Valve Adjustment Guide
Gathered by FriarJohn for the BonnevilleAmerica.com Tech Vault:
- Micrometer with .001mm resolution (I paid $116 for a Fowler)
- Metric Feeler Gauges
- Torque Wrench that measures Nm and goes below 8Nm (I paid $170 for a Craftsman Professional micro torque wrench)
- Misc metric sockets, wrenches, T-30 Torx bit/socket (you might need more than one – some of the bolts can be tough to loosen and you might break one or two bits)
- Tool set, wrench and locking pins T3880330, price ranges $44-75 (optional? some have used nails or fabricated their own pins to secure the sprocket tensioners)
- New cam cover gasket (1) T1260900
- Cam cover sealing washers (4) T1260209
- Crush washer for oil feed tube (2) 3550042-T0301
- Oil feed tube o-ring (1) T3600077
- Oil feed tube banjo bolts (optional, but they snap very easily so if you’re a klutz like me, order a couple) T1211456
- Shims, $6-11 each (you won’t know what you need until you get deep in the process)
- Dinqua’s shim calculator (.exe)
- Yamaha V-Max shims are the same diameter, 25mm (in case you don’t have a Triumph dealership close)
- If you’ve got the time, post your shim needs in the Classifieds forum and see if other members have the shims you need (see notes, below)
- Valve Clearances in Factory Manual
- Intake: 0.15mm-0.20mm
- Exhaust: 0.25mm-0.30mm
Factory Adjustment Interval: 12,000mi
Torque Specs from the Manual
- Camshaft cover to cylinder head bolds: 10Nm
- Camshaft bearing caps to head bolts: 10Nm (these are fragile, too – if you break one they are M6x40 1.00 pitch)
- Camshaft oil feed pipe to bearing cap bolts: 8Nm (these banjo bolts are VERY FRAGILE so BE CAREFUL)
- Fuel tank mounting bolts: 19Nm
- Front seat to mudguard fixing: 26Nm
- Rear seat to mudguard fixing: 10Nm
Here’s the ‘Readers Digest’ version of the work involved. (Thanks Greybeard)
- Remove the battery cover and disconnect the battery.
- Remove the seat(s). (to get at the tank bolt)
- Remove the fuel tank.
- Remove the cam cover.
- Turn the engine 2 full revolutions, stopping each 1/4 turn to check the valves and noting the clearance.
- Remove the cams if the valves need adjusting.
- Remove the shims as needed.
- Inspect the shims for wear and measure the true thickness.
- Calculate the required 1000th thickness.
- Install the new shims.
- Reinstall the cams.
- Turn the engine over by 1/4′s again to make sure of the adjustment.**
- Reassemble the bike.
- Start it up and warm up the engine, checking for noise and leaks.**
- Take a test ride.**
- Anything wrong at these points means doing it all over again, usually for free.
- Tight valves will burn in short order. Very loose valves will eventually pound the cam faces and valve stems out of shape. (Greybeard)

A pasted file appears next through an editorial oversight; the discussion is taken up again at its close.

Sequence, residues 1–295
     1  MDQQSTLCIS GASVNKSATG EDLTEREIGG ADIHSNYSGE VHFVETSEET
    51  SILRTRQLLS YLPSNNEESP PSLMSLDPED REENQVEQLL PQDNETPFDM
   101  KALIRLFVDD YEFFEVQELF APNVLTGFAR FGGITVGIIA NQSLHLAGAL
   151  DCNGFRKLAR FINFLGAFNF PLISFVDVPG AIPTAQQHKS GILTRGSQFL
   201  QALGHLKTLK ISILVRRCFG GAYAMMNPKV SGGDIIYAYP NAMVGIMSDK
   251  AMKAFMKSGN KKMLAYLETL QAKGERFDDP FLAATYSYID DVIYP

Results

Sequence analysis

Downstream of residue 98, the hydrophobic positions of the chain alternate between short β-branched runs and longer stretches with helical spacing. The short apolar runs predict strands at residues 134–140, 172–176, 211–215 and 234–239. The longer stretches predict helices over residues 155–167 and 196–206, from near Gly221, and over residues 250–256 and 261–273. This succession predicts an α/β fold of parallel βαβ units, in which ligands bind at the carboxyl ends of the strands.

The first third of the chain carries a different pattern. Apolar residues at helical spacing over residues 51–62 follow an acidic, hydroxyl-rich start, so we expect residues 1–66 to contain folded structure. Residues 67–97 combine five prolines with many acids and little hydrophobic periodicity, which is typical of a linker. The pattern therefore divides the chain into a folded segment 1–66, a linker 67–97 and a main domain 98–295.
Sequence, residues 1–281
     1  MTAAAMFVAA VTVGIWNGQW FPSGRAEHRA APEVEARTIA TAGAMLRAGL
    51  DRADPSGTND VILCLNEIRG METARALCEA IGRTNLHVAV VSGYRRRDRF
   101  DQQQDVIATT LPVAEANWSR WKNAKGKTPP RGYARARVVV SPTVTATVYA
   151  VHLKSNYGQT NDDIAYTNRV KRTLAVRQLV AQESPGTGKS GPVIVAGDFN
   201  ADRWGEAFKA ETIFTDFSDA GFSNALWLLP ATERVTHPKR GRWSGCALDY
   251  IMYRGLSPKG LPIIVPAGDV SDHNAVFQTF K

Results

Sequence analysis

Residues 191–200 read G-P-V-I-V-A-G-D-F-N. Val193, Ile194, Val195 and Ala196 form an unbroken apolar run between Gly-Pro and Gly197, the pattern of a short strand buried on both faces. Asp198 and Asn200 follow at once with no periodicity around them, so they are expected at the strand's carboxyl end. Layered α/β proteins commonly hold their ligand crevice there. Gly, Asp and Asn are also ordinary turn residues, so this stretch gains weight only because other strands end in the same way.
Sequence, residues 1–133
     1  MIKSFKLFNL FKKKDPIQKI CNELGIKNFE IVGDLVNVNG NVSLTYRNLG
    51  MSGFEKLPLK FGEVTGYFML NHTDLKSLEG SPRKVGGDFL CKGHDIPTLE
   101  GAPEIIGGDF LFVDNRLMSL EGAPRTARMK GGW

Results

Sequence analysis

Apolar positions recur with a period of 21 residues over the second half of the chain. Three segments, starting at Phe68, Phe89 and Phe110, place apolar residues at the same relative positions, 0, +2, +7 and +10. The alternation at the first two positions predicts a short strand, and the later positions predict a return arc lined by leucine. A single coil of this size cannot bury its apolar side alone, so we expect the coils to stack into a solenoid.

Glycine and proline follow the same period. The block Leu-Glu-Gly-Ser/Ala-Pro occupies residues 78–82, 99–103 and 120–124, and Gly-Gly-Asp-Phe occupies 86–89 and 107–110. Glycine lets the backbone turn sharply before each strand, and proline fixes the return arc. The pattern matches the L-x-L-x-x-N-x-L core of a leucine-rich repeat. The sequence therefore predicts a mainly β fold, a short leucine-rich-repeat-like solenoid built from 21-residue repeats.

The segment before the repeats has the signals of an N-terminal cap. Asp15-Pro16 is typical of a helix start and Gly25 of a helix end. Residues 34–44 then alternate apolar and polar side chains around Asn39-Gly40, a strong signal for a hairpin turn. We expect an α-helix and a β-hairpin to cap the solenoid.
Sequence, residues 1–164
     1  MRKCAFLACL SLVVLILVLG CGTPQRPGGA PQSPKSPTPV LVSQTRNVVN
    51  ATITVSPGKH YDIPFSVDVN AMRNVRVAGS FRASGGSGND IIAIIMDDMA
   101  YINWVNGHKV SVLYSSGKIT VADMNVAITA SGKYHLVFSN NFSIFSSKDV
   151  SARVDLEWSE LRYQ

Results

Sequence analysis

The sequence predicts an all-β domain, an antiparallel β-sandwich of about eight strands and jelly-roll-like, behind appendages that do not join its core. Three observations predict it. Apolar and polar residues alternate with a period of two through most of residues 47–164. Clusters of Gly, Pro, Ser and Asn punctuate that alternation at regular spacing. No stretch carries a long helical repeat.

- Before you run out and buy all new shims, run the numbers with Dinqua’s calculator and see if you reuse some of the old ones in other locations.
- Up until now I’ve never thought of this, but those of us who don’t do our own valve adjustments should ask for our old shims back when taking the bike to a dealer to get this done. I know I was charged something like $7.xx for each shim they replaced, and they kept the ones they took out. You have every right to ask for the old shims if you’re being charged for new ones. If we get enough people getting their old shims back, we can send them them off to whoever(Pat?), and it wouldn’t take long before we’d have a ample supply of every size shim needed. Then Pat, or whoever, could send out the correct size shims to those who need them. (SalMaglie)
Exhaust vs. Intake Camshaft
- If you mix up the camshafts, you will damage your valves. Do not underestimate how fragile all these bits are. There is an easy way to tell the difference and it isn’t by markings on the sprockets. In the middle of the camshaft there is a raised boss that is either smooth (exhaust) or has a groove cast into it (intake). There is a picture in the manual; I’ll try to scan and upload it.
Thread Links (on BonnevilleAmerica.com)
- Confirm Valve Shim Needs
- Shim Kits available?
- Valve Shims needed
- valve adjustment, dealer hours, shim question
- have you seen this on shim replacement
- Pat’s Valve Shim Calculator?
- valve adj
- 1st valve check
- Valve Adjustment complete….with leftover shims
- Shimless Dealer
- Valve adjustment / clearance check (with pictures)
Valve Replacement Shopping List
All prices bikebandit.com. Total approximately $235.53
- Exhaust Pipe sealing ring: 2, 5570763-001, $5.78 each $11.56
- Head Gasket: 1, 5565582-001, $32.14 $32.14
- Exhaust Valve: 2, 5565250-001, $39.60 each $79.20
- Intake Valve: 2, 5565249-001, $26.78 each $53.56
- Valve Stem Seal: 4, 559085-001, $10.11 each $40.44
- Torx head screw – cam bearing cap: 4, 5576269-001, $1.52 each $6.08
- Vent pipe O-ring: 2, 5576932-001, $1.61 each $3.22
- Cam Tensioner gasket: 1, 5565446-001, $1.80 Each $1.80
- Cam chain blade tensioner copper washer: 1, 5576680-001, $.87 each $.87
- Copper sealing washer (Oil cooler): 4, 5576684-001, $.85 each $3.40
- Rear oil line fitting copper washers (rear oil line): 2, 5559056-001, $.73 each $1.46
- Side Cover gasket